In yesterdays post, we talked about what to do when things don’t go as planned. Today’s post is about speaking skills –
Where To Look When Speaking To An Audience
When you’re giving a presentation or speech, your body language and how you hold yourself in front of a crowd speaks to them as much as your words do. One thing new speakers often have issues with is where to look when speaking to an audience. Not being nervous in front of people when you’re doing public speaking is not “acting” nervous. If you have complete control over your body, your face and your hands, you can be relaxed in front of people and you will actually feel more at ease as you do your speech.
One problem that you often see in public speakers is their lack of eye contact with the audience.
It’s extremely easy as a public speaker to want to look at your outline or your written out speech throughout your presentation so you never get lost or have that terrifying feeling of not knowing what you’re going to say next. That is why many people who do not become skilled at talking in front of crowds write out their speeches word for word and just read it to the group. This is a few speaking skills you must possess and this a huge skill you must master to become a great public speaker.
You have been asked to give a speech, not a reading.
And many adults take offense at being read to. An audience wants to hear “from” you, not just hear you read. If that was the only value of a public presentation, you could just hand out your speech as a white paper and let them read it and not have to get in front of people at all. But that is not as effective as public speaking, particularly if the purpose of your speech is to convince or to sell.
So the question comes up of where to look as you give your speech?
Many speakers look at a spot at the back of the room because looking at the faces makes them nervous. This is better than staring down at your papers the whole time. For one thing, voice projection is a big part of getting your message out there. And even if you’re using a microphone, if you speak “out” into the crowd rather than down, your voice will be clearer and you will naturally use your diaphragm to do well at enunciating each word.
Another value of looking at the back wall is that it will help you project your voice, particularly if you’re not using amplification. The old actor’s motto of “performing to the last row” applies here because it means you consider everyone in that hall to be your audience, not just the people on the first row. Just remember though that your audience wants to be talked to, not at, and not over.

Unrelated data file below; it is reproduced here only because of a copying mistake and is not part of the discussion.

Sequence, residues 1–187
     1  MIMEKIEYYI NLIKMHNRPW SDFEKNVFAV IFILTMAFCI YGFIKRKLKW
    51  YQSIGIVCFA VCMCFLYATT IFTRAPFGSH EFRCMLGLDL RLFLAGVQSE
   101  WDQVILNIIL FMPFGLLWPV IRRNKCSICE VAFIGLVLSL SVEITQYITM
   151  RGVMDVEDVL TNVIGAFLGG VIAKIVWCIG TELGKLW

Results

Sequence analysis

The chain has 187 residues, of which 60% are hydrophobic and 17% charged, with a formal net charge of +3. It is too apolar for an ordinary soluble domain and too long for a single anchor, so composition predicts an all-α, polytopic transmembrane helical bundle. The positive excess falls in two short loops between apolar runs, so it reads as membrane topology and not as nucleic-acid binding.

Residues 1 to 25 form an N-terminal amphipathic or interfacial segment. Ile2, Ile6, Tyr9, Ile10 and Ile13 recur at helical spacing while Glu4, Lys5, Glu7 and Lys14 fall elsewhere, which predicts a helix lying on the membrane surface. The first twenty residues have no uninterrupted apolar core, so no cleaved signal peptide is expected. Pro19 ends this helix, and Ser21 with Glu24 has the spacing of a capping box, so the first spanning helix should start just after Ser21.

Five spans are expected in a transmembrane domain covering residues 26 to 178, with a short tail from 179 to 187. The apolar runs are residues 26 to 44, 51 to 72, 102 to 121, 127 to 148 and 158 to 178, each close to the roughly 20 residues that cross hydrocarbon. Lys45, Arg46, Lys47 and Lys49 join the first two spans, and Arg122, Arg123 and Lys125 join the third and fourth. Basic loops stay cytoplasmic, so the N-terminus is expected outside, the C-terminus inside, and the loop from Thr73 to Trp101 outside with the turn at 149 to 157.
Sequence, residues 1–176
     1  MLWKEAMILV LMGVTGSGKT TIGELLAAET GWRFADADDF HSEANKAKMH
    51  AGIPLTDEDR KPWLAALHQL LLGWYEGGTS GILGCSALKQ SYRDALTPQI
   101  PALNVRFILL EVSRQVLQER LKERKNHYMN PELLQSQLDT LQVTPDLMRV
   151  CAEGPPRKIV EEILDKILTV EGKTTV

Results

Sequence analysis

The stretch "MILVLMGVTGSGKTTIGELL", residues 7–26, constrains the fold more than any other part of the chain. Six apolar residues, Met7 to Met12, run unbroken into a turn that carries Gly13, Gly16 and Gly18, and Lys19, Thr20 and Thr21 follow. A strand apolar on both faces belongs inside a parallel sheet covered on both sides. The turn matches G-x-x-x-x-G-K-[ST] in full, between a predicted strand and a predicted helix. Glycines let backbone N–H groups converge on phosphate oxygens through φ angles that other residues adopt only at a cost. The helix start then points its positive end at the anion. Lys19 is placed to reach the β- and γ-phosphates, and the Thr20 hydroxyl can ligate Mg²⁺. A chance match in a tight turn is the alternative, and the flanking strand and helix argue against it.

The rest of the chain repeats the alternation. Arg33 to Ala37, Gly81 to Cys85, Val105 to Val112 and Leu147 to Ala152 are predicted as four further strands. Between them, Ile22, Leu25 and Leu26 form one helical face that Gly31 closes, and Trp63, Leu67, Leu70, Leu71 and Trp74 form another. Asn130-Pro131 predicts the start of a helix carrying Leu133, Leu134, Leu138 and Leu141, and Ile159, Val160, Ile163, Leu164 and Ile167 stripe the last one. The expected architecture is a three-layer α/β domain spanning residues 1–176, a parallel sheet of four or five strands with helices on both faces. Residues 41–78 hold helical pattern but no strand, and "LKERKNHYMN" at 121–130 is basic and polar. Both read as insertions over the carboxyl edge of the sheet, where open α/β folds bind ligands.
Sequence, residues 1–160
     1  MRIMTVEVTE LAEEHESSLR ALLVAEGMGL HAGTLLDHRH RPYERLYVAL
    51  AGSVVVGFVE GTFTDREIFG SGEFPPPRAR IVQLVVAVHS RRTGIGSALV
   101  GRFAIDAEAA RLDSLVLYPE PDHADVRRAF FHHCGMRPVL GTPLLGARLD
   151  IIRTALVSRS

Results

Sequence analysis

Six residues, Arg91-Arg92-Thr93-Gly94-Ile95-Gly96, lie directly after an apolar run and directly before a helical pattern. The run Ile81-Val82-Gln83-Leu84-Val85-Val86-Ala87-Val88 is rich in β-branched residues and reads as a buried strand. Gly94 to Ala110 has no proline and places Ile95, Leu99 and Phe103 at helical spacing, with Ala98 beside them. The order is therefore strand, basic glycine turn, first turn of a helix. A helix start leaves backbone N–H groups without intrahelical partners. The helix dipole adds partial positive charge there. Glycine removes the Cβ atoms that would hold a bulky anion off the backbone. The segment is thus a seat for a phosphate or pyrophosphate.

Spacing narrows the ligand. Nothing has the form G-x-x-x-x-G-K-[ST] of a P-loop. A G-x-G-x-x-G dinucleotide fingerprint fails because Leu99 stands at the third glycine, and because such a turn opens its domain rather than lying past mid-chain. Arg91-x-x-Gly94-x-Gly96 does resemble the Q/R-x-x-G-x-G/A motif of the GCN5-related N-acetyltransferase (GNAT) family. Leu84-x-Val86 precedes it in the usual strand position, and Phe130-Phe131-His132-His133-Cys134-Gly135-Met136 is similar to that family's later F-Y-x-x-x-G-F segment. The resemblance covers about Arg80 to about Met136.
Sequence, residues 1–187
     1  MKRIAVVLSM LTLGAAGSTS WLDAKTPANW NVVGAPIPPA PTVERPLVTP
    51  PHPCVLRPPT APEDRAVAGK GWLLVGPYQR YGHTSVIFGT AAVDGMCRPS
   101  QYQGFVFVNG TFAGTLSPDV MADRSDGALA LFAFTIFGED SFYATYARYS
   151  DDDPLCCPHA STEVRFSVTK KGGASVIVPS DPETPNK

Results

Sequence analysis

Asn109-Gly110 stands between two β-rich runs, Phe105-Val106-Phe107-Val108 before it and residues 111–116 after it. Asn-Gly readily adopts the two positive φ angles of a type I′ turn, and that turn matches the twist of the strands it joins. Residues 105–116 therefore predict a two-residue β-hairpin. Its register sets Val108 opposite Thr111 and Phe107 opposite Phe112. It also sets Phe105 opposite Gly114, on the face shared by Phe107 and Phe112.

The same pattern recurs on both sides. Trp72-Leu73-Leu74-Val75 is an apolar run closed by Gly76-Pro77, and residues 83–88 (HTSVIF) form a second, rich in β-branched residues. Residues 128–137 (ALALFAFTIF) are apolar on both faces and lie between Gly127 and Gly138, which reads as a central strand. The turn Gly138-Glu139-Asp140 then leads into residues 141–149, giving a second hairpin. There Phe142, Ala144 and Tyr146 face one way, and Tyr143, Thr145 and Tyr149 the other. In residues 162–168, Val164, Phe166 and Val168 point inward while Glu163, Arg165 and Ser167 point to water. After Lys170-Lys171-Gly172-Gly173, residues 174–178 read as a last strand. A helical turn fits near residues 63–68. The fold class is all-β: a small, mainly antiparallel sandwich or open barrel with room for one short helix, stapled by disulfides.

Make Eye Contact
The most valuable speaking skill you can use to really connect with your audience and get your message across is to make eye contact with the audience.
Eye contact is commonly used by salespeople to create a bond with the customer and that bond helps close the sale.
But even if your presentation is not necessarily a sales situation, eye contact will get your message across. And that is what you got up there to do in the first place.
Eye contact makes the audience look at you.
It keeps them attentive. To use eye contact to its maximum value, move your eyes from audience member to audience remember and speak to that individual directly.
Everyone around that individual will actually feel that eye contact and it rivets the listener to you.
Don’t linger on one person because you don’t want to stare but by becoming skilled at using eye contact as you speak to a crowd, you’re taking control of the presentation.
And having control is one of the most crucial speaking skills and a key to success in public speaking.
“They may forget what you said, but they will never forget how you made them feel.” – Carl W. Buechner
Did this post help you understand the most beneficial of speaking skills and figure out where to look when speaking to an audience? Please leave a comment below. Thanks!
In the next post, we will be discussing the importance of pausing during your talk.
Keep the Shiny Side Up,